Graffiti as Art?

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Palazzo Venier dei Leoni, on the Grand Canal, is an unfinished palace and worth a visit even if you think modern art is just a load of Jackson Pollocks. The museum first opened to the public in 1951 and Peggy Guggenheim lived here for 30 years.

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Not only is the building itself architecturally interesting, but there is also the Nasher Sculpture Garden as well as other temporary exhibitions. We were lucky to catch the exhibition Jackson Pollock’s Mural: Energy Made Visible which runs until November 16 and which focuses on Jackson Pollock’s ‘Mural’, but the permanent collection includes works by Kandinsky, Dali and Picasso to name a but a few!

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After our visit we returned through the back streets of Venice, our son is interested in street art – Grafitti as Art? He wanted to get photos of interesting examples for his own blog so we followed him around as he took some snaps!

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As we meandered along we came across a couple of other interesting art installations, one of which really appealed to us. Conversion. Recycle Group which runs until 22 November, is a project that relates the life of modern man and his need for gadgets, data transmission speed and constant data refreshing and compares it to a kind of new ‘religion’, set within a backdrop of the ancient church was very thought provoking – especially the huge Facebook crucifix and bas-relief apostles who appear to be worshiping their media!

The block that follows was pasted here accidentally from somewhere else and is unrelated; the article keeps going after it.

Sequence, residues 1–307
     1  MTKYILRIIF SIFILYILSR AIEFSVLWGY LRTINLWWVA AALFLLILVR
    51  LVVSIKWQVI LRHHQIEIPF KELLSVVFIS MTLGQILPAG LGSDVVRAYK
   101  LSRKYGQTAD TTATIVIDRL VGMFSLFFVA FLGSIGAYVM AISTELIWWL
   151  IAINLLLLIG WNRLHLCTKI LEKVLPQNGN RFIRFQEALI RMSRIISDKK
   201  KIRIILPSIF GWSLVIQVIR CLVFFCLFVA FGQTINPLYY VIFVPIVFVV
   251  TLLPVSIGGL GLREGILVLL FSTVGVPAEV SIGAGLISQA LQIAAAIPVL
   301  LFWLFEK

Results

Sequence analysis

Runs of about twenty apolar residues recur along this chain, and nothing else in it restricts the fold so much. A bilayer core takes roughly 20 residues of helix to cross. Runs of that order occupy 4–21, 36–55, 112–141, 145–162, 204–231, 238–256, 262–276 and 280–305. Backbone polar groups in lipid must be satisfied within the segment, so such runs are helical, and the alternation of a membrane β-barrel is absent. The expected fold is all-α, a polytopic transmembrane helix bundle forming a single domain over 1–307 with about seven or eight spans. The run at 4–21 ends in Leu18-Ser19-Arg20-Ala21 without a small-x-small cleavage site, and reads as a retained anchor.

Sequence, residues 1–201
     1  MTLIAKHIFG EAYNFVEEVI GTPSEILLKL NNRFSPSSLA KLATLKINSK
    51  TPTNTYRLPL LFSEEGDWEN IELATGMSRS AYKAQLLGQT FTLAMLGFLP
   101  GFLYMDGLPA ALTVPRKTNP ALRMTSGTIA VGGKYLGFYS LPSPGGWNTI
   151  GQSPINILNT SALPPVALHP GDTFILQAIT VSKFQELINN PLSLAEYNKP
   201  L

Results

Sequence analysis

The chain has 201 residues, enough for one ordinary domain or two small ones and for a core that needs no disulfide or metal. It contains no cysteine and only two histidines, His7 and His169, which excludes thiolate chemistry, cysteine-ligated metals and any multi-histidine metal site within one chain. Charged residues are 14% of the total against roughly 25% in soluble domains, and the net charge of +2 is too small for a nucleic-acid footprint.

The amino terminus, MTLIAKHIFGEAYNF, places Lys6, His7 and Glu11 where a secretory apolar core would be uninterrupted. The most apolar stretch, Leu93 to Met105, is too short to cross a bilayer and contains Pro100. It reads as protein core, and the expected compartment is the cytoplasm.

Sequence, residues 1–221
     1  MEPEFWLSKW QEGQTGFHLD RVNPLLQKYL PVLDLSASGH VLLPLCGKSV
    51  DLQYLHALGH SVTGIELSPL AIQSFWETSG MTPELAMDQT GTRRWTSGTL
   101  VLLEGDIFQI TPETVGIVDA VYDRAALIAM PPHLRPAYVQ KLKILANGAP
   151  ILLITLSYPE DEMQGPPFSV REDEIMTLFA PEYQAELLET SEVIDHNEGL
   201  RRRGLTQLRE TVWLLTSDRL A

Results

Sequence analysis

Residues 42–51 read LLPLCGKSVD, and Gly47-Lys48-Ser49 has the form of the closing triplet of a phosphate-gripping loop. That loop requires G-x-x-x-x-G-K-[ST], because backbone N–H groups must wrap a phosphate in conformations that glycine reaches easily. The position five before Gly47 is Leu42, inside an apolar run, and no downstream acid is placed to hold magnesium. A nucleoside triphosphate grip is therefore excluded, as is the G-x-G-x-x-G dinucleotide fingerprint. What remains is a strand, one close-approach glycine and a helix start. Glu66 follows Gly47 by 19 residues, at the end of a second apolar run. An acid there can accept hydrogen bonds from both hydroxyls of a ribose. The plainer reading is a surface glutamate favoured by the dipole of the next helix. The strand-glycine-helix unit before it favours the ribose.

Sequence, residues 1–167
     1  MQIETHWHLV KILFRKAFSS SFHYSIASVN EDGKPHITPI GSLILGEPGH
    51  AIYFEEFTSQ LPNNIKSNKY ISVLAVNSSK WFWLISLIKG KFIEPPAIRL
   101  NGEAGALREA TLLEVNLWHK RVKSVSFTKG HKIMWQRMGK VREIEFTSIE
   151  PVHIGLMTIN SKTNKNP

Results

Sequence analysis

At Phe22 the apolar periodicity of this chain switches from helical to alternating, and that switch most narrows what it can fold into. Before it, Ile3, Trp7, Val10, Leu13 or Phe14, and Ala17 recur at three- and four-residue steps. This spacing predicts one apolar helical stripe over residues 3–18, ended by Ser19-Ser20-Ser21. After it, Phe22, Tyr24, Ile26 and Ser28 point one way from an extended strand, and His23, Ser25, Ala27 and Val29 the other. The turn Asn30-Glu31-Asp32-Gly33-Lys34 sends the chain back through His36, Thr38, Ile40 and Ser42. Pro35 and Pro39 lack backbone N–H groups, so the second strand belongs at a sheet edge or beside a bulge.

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Finally I wanted to take my son to the coolest bookshop in the world, which I had first stumbled on when I was Lost in Venice last year! Libreria Acqua Alta is literally piled high with books old and new, crammed into old boats and bath tubs and with a unique staircase built from books leading up to a view of the canal. You could spend quite a while here taking photos and enjoying the quirky charm!

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